Ask for a meeting with the Director and explain your concerns and the fact that you have brought things to the attention to the staff and your concerns are being ignored. Now if the Podiatrist is at the facility one time a month and it is not yet time for their rounds is the problem you noticed something that can wait or is it an "emergency" that will require an immediate visit. No CNA or Nurse can trim toenails or deal with an ingrown toenail this is something that the Podiatrist has to do. (In the state where I live it is against the law for a CNA to trim toenails)
If your Mom is clean, or cleaned within a reasonable time when you bring the need for a change to the attention to the staff, if she is safe, well taken care of that is about what you would expect from any facility.
Your option would be to find a small licensed home that has a better ratio of staff to residents. I am sure the cost of that would reflect it as well.
There are websites you can check to get the ratings of a facility. You could talk to people on a tour and if you see someone leaving you could ask what their experience is. But I am sure you will get a lot of the same complaints, concerns at each place.
No place is "perfect"
Given certain times of day you will find...
Odors
people moaning
people in wheelchairs lined up around a TV or at the nurses station.
people just sitting in their rooms
people asleep in their chairs
You need to ask what the procedures are for moving people, trying to engage them, trying to get them active, ...
Depending on the physical and mental problems sometimes some of these things are impossible.
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You will need to "Copy and Paste" the URL to your Browser.  There are several article on this website about Assisted Living and what services they provide and how much it cost.  After reading several postings, I have noticed that some family members expect Assisted Living facilities to offer the same level of care as Nursing Homes--but they don't;  both facilities offer DIFFERENT LEVELS of CARE and have different amount of nursing staff and so forth.  Look at the webpages that I have listed below and also do a SEARCH of "Assisted Living Services" to just exactly what ALs provide.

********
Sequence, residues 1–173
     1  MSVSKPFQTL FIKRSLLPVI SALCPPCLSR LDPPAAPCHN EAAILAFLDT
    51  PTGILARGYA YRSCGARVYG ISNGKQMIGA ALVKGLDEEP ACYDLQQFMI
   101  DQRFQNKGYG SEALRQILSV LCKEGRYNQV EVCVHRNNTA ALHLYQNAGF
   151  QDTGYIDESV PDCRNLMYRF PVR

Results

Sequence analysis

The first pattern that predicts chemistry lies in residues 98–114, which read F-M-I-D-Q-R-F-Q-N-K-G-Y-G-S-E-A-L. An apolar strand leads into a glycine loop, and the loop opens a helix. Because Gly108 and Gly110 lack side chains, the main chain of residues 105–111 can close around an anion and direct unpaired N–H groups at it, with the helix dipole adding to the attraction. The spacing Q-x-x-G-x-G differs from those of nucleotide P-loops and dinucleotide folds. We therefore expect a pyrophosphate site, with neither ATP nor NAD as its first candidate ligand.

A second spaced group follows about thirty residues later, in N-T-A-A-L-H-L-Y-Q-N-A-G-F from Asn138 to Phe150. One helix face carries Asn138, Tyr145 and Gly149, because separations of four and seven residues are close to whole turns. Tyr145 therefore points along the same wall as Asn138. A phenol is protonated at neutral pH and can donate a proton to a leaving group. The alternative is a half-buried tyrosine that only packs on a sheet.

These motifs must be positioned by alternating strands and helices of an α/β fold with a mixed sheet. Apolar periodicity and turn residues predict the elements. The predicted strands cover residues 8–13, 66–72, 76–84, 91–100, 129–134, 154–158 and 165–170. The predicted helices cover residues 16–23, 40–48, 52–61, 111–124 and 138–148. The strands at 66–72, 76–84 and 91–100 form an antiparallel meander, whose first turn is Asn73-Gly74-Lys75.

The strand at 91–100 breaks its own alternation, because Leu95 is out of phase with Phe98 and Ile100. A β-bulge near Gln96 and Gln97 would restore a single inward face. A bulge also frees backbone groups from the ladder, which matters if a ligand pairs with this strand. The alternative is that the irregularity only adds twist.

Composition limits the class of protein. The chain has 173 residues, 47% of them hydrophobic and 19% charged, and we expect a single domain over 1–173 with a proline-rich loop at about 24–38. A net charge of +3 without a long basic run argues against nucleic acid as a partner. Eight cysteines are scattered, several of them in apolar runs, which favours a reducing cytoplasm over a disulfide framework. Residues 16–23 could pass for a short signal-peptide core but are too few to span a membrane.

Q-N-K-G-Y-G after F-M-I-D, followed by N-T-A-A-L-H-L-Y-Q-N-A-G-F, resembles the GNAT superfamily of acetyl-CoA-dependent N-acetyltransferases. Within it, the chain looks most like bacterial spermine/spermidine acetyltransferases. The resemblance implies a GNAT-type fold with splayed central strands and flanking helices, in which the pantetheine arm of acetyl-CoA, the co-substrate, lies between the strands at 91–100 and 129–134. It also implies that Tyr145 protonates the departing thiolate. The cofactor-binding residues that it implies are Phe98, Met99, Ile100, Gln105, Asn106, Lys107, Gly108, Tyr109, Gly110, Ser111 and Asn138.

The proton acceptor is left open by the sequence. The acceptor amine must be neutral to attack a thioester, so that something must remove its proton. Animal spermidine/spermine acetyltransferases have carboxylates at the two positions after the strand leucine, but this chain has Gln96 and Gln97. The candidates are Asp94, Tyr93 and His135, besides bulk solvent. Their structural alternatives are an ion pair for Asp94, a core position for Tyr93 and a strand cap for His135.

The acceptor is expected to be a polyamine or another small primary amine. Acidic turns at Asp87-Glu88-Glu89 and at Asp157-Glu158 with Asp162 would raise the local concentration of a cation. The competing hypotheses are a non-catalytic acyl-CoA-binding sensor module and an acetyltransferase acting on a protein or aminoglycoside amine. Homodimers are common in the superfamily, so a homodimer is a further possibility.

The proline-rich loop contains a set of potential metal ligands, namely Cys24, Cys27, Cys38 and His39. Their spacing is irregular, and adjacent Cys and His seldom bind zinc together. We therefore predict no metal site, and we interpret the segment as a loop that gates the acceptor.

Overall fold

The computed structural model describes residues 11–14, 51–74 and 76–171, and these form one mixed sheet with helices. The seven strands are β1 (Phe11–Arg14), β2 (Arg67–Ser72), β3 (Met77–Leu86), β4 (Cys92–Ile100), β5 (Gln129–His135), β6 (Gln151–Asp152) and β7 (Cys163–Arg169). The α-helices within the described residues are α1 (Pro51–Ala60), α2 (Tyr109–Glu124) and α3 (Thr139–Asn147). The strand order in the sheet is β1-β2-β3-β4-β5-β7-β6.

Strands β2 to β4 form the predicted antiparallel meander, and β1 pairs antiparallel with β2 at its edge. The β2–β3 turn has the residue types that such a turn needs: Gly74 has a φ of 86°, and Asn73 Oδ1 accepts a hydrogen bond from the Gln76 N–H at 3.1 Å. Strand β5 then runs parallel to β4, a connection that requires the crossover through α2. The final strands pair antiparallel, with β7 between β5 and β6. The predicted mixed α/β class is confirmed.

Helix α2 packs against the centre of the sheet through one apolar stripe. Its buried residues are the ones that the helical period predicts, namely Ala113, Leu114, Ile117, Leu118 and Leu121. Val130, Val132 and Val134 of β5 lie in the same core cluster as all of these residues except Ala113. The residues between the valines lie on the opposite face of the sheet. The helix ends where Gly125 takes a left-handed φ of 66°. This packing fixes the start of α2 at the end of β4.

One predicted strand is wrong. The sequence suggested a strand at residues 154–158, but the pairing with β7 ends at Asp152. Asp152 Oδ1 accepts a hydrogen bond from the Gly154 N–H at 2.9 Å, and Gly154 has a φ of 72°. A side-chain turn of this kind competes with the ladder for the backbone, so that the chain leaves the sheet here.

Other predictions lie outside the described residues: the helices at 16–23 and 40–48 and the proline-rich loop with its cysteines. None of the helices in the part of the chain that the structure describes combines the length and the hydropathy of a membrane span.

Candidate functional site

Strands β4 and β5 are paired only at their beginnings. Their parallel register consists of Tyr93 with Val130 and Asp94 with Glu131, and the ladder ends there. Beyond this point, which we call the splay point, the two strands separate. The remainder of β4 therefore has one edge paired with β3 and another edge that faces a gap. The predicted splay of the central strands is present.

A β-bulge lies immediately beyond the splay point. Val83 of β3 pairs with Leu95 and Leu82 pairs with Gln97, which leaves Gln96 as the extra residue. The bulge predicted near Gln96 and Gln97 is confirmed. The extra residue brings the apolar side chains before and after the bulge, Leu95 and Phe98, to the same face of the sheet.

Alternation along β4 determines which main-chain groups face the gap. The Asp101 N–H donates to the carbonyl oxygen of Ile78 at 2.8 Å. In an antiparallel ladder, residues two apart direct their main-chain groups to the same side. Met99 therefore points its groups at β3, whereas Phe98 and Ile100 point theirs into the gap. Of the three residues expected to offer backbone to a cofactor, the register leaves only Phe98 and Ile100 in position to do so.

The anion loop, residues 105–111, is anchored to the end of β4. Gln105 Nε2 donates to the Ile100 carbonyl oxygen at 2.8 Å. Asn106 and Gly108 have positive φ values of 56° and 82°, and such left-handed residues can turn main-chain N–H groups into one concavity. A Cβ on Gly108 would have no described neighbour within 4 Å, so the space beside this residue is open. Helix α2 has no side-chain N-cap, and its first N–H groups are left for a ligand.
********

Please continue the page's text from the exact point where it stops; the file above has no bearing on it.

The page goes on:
I have found this website very informative about assisted living facilities:
www.assistedlivingfacilities.org/resources/choosing-an-assisted-living-facility/making-sense-of-assisted-living-ratings/
 
Here are some articles from this website:
https://www.agingcare.com/articles/assisted-living-questions-137146.htm

"Assisted Living Questions and Answers"
When it is time for a family member to move to assisted living, caregivers and family members have lots of question. We've compiled the most common questions that caregivers have about finding and transitioning into assisted living.

An assisted living facility is a type of senior housing provided for individuals who are no longer able to live independently because they need some assistance with activities of daily living.

Assisted living centers are appealing to seniors because within the range of senior housing environments they offer a relatively high level of independence. If your parent is in good health and doesn't require much assistance with everyday tasks, assisted living is a terrific option. In fact, residing in an assisted living center is similar to having a private apartment, complete with private bathroom and kitchen, but you can rest easy with the knowledge that trained staff is on hand to help your loved one when necessary. Assisted living communities might provide daily living care for bathing, dressing, toileting, grooming, and eating -- however be sure to read to the contract carefully. In some cases, "personal care" is an additional cost, or an outside home health care agency is required to perform these tasks.